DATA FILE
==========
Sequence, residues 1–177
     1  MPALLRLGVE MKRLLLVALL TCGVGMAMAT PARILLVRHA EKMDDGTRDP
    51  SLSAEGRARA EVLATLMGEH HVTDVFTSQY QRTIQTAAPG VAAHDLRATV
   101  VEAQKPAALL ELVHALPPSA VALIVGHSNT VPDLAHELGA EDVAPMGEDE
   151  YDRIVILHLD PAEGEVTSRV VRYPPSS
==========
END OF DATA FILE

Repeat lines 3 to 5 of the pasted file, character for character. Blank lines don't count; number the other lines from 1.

    51  SLSAEGRARA EVLATLMGEH HVTDVFTSQY QRTIQTAAPG VAAHDLRATV
   101  VEAQKPAALL ELVHALPPSA VALIVGHSNT VPDLAHELGA EDVAPMGEDE
   151  YDRIVILHLD PAEGEVTSRV VRYPPSS